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Panel: Remittance tax a fee for expats using govt services

April 16, 2018

The parliamentary financial affairs committee said it will discuss the 31st report concerning taxing expats’ remittances in its meeting tomorrow. The committee stressed that the aim of such proposals is to find new sources of income by taxing remittances by expats as a fee for the educational, health and other services the state provides them. The committee also believes that expats have access to subsidized goods such as fuel, gas and electricity, and that this tax will eventually affect the quality of the services as a whole.

On the other hand, the parliamentary legislative committee unanimously rejected the proposals for various reasons such as suspicion of the proposals’ unconstitutionality on grounds of discrimination against expats, that taxing expat remittances would create an illegal market outside official providers like banks and money exchange companies, taxes will impact the cost of goods and that the majority of expats have low incomes.

Although seconding the legislative committee’s concern about creating new sources of income, Finance Minister Nayef Al-Hajraf highlighted the danger of constitutional violations by such proposals. He also stressed that measures taken to create new sources of income should be done with more comprehensive views of financial and economic reforms. He noted that rushing towards economic reform measures without understanding the mechanisms and how they would be applied will impede the government from performing its executive role.

Commenting on the issue, the Central Bank said the proposals have some technical and financial loopholes that should be reconsidered and dealt with. The Central Bank argued that economic reform should be done through reforming the state’s treasury in general through re-pricing state-provided services and goods that are underpriced and lead to much waste and overuse.

The bank also pointed out that the total figure of KD 4.14 billion reported as expats’ remittances is misleading, as many expats have been making remittances on behalf of citizens for trade and commercial reasons. The bank explained these remittances include sums sent to non-labor exporting countries such as the EU, the US and the UAE.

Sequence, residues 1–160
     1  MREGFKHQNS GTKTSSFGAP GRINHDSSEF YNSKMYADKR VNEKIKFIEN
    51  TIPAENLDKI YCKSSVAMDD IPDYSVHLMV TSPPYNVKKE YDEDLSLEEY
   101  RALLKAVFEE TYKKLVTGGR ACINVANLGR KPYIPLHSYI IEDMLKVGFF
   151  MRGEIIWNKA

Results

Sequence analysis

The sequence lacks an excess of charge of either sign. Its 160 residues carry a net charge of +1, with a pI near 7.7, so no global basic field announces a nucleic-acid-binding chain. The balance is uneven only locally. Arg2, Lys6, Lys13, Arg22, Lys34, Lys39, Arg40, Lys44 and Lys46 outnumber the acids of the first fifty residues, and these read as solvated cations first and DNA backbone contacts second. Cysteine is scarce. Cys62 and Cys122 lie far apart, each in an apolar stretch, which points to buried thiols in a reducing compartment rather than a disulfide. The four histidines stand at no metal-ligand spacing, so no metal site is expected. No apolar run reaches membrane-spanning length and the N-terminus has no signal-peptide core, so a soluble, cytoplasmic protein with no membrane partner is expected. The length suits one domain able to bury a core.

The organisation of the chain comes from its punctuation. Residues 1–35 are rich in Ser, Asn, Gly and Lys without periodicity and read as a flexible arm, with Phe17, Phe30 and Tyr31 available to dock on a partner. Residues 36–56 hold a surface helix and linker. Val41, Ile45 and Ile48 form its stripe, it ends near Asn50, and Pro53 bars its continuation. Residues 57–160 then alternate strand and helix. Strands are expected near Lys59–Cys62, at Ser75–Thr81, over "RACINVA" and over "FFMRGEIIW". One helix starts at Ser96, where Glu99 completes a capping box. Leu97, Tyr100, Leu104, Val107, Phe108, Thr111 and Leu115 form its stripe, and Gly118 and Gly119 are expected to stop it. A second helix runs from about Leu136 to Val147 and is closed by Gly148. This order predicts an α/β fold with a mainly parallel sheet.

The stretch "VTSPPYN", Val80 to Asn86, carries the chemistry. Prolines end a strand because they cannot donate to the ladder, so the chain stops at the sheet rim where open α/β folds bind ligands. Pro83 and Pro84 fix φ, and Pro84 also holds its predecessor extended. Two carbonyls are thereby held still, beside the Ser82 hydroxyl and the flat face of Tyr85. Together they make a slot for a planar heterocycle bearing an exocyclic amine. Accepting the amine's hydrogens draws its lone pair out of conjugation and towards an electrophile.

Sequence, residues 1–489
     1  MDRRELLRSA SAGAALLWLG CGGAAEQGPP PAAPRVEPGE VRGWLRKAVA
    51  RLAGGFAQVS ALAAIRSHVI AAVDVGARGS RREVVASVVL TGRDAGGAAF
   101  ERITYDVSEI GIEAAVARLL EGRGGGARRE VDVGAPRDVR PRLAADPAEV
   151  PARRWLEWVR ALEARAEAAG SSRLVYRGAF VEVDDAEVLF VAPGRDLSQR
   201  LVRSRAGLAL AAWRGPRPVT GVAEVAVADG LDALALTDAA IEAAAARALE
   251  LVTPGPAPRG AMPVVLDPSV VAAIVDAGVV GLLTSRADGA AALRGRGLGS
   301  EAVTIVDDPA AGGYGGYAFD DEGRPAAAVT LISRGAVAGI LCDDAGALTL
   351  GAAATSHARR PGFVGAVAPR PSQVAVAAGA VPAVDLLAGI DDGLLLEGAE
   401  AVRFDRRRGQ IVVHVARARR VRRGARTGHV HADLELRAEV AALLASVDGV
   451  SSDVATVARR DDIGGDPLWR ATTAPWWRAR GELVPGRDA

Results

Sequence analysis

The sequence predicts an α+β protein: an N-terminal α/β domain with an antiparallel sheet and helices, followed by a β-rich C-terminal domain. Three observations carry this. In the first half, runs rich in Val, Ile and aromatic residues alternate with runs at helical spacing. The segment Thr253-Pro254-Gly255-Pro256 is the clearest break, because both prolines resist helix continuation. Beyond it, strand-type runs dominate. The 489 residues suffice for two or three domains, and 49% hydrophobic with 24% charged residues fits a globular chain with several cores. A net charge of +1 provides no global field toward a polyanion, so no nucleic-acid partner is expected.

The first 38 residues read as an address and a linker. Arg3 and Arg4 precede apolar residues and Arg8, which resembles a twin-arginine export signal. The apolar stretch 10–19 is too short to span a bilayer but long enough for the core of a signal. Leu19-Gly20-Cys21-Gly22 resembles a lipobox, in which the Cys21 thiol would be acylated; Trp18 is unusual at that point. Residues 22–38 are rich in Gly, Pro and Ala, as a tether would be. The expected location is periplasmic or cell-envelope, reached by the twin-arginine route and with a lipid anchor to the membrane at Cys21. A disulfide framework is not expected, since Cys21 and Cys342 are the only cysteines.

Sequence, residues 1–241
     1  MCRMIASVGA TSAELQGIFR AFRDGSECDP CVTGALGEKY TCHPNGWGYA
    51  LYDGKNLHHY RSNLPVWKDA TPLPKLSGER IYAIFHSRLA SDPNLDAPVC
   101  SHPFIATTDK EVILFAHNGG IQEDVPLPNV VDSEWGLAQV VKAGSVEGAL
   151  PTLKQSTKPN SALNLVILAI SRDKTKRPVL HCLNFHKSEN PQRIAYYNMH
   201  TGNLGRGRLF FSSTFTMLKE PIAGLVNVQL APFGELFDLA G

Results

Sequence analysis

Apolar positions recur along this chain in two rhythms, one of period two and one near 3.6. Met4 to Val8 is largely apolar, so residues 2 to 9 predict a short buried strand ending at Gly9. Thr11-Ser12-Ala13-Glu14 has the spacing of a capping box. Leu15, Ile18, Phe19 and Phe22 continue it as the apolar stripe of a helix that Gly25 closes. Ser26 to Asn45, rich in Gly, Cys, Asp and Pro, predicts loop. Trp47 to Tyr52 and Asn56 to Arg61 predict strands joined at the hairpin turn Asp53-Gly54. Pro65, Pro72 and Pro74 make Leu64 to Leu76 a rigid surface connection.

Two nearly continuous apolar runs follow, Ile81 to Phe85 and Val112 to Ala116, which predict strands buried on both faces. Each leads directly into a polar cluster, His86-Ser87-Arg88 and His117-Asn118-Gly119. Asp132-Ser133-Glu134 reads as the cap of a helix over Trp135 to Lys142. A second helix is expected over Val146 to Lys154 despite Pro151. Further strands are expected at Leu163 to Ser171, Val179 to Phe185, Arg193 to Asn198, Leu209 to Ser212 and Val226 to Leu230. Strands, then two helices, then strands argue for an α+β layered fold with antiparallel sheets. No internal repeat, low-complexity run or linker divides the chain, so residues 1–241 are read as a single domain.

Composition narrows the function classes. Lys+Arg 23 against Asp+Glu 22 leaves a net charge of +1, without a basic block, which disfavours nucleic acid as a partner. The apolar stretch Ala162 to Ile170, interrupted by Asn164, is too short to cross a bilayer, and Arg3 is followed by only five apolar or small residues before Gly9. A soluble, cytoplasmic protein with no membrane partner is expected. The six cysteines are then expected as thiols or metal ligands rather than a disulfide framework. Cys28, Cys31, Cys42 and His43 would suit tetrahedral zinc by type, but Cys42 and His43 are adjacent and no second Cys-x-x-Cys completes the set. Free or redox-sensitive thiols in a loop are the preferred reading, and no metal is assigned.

Furthermore, the Central Bank noted that taxing expats’ personal remittances will affect domestic helpers and lead to demands of pay hikes. It also warned that taxing commercial remittances will lead to an increase in prices, which will negatively affect citizens. The bank also warned that such taxes will force expats to make illegal remittances and create a black market that will affect the money exchange market and weaken the Central Bank’s financial control.

The Central Bank added that this tax will violate article 15 of law number 32/1968 pertaining currency, the Central Bank and regulation of the banking system, which states that it is one of the Central Bank’s duties “to endeavor to secure the stability of the Kuwaiti currency and its free convertibility into foreign currencies”. In addition, the bank reminded that Kuwait is a member of the IMF since it joined it on Sept 3, 1962, and stressed that article 8 of the IMF treaty states: “No member shall, without the approval of the Fund, impose restrictions on the making of payments and transfers for current international transactions”. The bank added that since expats’ remittances are current international transactions, this makes imposing such taxes or fees illegal and requires IMF’s approval.

Notably, the proposal on taxing expats’ remittances includes the following articles:
1- Remittances made by expats residing in Kuwait will be taxed regardless of the currency transferred.
2- Remittances related to treaties on protecting investments and capital movement will be exempted.
3- Remittances will be taxed by 1 percent for sums up to KD 99, 2 percent for sums between KD 100 to 299, 3 to 4 percent for sums between KD 300-499 and 4 to 5 percent for sums more than KD 500.
4- Supervised by the Central Bank, certified banks and money exchange companies will send the tax value to the finance ministry.
5- Violators of the previous article will be penalized a maximum of KD 10,000. Those who make remittances outside the certified banks or exchanges will be penalized by up to five years in prison and a fine not less than twice the sum transferred.
6- Based on the presentation made by the finance minister, the Cabinet will issue the law’s executive charter within six months of publishing it in the official gazette.
7- The prime minister and finance minister will, each within his/her jurisdiction, put this law into practice.

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